In Bimbo Sues the Muffin Man, I briefly discussed the inevitable disclosure case filed by Bimbo Bakeries against a former manager, who had ran one of its English muffins facilities. To prevent disclosure of its trade secrets, Bimbo asked a judge to keep the former manager from working for a competitor, even though the manager had never signed a non-compete. In a follow-up post, Judge Sides with Bimbo, I provided a link to Judge Barclay’s 37-page opinion in Bimbo Bakeries USA Inc. v. Botticella, which granted the preliminary injunction. Botticella appealed to the 3rd Circuit Court of Appeals, which just issued an opinion upholding the preliminary injunction.
Perhaps the most important aspect of the 3rd Circuit’s ruling was the conclusion that under Pennsylvania law, a disclosure of a trade secret need not be “inevitable” but merely likely:
In other words, the District Court concluded, albeit somewhat paradoxically, that Pennsylvania courts apply the “inevitable disclosure doctrine” to grant injunctions based not on a trade secret’s inevitable disclosure but on its likely disclosure. Cf. Pepsico, Inc. v. Redmond, 54 F.3d 1262, 1269 (7th Cir. 1995) (“[a] plaintiff may prove a claim of trade secret misappropriation by demonstrating that defendant’s new employment will inevitably lead him to rely on the plaintiff’s trade secrets.”) (emphasis added). While we agree with the District Court that Pennsylvania law empowers a court to enjoin the threatened disclosure of trade secrets without requiring a plaintiff to show that disclosure is inevitable, we do not consider that an injunction granted absent such a showing was issued pursuant to the “inevitable disclosure doctrine.”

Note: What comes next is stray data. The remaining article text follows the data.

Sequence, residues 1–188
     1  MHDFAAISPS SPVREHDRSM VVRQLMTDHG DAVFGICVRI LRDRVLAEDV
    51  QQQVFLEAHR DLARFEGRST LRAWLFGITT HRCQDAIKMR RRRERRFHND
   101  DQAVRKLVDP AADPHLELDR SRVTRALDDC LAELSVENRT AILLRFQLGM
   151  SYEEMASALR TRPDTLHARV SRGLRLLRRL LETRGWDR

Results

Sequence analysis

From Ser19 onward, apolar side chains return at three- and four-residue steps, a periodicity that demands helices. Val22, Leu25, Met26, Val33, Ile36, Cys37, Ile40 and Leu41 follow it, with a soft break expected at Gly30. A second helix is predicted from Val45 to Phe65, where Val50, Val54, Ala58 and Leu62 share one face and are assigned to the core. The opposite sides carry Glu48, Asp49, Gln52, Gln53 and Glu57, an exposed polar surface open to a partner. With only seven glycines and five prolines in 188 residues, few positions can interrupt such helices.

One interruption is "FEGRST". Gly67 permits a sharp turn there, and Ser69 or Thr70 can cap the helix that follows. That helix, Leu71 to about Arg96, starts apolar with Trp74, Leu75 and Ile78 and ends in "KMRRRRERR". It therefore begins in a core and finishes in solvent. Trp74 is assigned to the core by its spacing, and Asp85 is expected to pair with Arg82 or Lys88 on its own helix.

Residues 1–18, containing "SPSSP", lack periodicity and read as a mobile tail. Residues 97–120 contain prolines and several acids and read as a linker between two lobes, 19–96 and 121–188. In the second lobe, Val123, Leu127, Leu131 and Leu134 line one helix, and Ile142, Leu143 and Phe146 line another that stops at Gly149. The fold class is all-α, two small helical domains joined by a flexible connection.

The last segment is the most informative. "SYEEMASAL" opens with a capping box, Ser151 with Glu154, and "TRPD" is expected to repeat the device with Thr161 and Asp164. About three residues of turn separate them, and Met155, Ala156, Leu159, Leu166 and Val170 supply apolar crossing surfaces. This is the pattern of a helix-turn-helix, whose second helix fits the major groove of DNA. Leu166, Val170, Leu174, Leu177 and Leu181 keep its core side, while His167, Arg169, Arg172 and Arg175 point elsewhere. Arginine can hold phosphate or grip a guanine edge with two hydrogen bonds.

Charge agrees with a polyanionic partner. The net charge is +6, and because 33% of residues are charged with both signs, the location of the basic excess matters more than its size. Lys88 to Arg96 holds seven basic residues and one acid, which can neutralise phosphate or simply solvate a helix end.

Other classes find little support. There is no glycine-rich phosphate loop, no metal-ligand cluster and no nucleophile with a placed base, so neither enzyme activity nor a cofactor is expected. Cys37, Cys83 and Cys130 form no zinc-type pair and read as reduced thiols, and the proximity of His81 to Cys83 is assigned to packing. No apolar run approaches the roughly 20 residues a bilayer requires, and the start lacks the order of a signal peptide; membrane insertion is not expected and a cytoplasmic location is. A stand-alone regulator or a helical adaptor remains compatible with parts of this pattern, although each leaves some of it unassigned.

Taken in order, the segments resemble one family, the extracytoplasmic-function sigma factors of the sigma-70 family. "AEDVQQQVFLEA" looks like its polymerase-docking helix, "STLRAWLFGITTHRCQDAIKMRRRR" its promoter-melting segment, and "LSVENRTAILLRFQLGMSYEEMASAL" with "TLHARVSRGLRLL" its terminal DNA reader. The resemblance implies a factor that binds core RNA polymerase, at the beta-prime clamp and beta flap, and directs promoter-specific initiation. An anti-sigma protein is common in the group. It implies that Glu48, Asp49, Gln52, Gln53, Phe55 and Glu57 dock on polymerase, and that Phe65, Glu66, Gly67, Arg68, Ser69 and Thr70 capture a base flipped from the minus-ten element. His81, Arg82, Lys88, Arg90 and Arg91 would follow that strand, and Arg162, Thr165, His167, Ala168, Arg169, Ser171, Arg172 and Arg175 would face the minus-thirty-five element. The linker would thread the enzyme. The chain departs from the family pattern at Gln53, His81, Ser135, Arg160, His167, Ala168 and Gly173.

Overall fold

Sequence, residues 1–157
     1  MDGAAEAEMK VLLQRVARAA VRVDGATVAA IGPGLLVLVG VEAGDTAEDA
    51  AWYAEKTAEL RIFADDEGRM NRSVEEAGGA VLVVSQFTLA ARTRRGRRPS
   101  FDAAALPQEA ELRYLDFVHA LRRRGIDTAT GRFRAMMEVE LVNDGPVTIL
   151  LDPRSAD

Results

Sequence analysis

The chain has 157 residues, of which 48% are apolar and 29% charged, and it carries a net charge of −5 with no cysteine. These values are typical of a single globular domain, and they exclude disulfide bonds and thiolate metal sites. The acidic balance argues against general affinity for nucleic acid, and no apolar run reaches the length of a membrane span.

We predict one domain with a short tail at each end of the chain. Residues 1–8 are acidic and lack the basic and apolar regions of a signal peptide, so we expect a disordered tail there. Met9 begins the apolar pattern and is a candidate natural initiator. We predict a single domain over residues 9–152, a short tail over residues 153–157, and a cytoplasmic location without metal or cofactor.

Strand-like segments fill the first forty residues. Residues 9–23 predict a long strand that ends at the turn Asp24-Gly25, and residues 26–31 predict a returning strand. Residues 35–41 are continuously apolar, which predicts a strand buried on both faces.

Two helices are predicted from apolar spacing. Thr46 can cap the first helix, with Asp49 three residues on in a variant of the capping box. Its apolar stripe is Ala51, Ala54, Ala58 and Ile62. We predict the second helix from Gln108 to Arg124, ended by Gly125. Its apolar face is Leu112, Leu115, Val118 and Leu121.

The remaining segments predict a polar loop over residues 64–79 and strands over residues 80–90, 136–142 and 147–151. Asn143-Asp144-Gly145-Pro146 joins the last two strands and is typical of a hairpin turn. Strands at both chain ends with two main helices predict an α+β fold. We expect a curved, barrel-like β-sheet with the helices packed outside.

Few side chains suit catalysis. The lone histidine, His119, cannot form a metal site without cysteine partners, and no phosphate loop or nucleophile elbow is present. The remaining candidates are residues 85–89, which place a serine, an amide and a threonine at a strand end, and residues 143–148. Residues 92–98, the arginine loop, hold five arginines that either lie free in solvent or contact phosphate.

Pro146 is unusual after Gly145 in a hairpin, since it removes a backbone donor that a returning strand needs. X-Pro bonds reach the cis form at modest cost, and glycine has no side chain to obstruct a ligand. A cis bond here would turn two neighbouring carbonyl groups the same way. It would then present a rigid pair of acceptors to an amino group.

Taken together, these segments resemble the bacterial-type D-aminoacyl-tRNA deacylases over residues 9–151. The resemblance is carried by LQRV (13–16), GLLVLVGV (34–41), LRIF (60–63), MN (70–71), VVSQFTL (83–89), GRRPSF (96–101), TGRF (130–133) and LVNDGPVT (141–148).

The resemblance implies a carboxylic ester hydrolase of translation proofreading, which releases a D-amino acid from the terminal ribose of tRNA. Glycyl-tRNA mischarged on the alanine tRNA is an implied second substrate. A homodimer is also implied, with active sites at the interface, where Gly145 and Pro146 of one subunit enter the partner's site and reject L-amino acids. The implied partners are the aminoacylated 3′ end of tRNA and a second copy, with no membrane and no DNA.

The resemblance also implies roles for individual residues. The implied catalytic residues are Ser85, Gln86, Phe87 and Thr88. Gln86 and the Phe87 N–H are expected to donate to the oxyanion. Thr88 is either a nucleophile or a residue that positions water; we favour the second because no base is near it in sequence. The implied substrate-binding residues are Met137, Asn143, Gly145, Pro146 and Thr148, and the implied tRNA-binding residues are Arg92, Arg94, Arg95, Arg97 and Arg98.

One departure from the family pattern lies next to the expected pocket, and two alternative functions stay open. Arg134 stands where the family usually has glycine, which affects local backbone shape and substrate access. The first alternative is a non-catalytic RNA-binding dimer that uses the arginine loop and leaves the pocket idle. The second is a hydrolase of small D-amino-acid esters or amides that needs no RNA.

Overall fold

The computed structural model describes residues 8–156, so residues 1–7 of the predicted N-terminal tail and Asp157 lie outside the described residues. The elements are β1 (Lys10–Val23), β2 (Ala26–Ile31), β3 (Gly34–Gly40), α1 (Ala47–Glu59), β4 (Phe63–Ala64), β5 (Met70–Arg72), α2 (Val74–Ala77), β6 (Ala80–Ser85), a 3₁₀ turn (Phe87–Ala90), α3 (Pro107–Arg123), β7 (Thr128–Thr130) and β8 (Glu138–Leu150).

More specifically, the Court of Appeals stated:
[T]he “proper inquiry” in determining whether to grant an injunction to prevent the threatened disclosure of trade secrets is not whether a defendant inevitably will disclose a trade secret in the absence of injunctive relief, but instead whether “there is sufficient likelihood, or substantial threat, of defendant doing so in the future.”
(citations omitted). The Court rejected the “virtual impossibility” standard, which had been enunciated in a prior 3rd Circuit opinion finding that use of the term was dicta.
Also of interest, the Court recognized that there were competing public interests at play in the case. The court found that the case pitted the public interest in “inviolability of trade secrets” against the public interest “in employees being free to work for whom they please.” Moreover, the court recognized that “[o]f these latter two interests, Pennsylvania courts consider the right of the employee to be the more significant.” Nonetheless, the court of appeals sided with trade secrets. And so, when all the word games were over, a Bimbo by any other name is still a Bimbo.
To read the Law.com story reporting about the case in more detail, click here.